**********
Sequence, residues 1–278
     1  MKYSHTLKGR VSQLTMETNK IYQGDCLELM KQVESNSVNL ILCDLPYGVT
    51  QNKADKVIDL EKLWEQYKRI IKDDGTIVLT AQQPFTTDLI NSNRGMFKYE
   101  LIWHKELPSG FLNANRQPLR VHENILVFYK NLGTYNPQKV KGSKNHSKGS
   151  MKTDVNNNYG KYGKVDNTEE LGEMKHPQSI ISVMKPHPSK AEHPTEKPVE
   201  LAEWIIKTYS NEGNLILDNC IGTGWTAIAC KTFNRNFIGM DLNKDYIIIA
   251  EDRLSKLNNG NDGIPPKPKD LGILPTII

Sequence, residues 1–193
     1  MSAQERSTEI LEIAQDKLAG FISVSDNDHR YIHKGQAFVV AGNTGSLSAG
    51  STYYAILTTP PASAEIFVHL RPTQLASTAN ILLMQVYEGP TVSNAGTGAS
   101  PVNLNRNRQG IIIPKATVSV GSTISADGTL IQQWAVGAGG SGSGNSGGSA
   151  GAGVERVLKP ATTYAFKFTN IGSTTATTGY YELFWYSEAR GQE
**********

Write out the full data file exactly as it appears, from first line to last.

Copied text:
Sequence, residues 1–278
     1  MKYSHTLKGR VSQLTMETNK IYQGDCLELM KQVESNSVNL ILCDLPYGVT
    51  QNKADKVIDL EKLWEQYKRI IKDDGTIVLT AQQPFTTDLI NSNRGMFKYE
   101  LIWHKELPSG FLNANRQPLR VHENILVFYK NLGTYNPQKV KGSKNHSKGS
   151  MKTDVNNNYG KYGKVDNTEE LGEMKHPQSI ISVMKPHPSK AEHPTEKPVE
   201  LAEWIIKTYS NEGNLILDNC IGTGWTAIAC KTFNRNFIGM DLNKDYIIIA
   251  EDRLSKLNNG NDGIPPKPKD LGILPTII

Sequence, residues 1–193
     1  MSAQERSTEI LEIAQDKLAG FISVSDNDHR YIHKGQAFVV AGNTGSLSAG
    51  STYYAILTTP PASAEIFVHL RPTQLASTAN ILLMQVYEGP TVSNAGTGAS
   101  PVNLNRNRQG IIIPKATVSV GSTISADGTL IQQWAVGAGG SGSGNSGGSA
   151  GAGVERVLKP ATTYAFKFTN IGSTTATTGY YELFWYSEAR GQE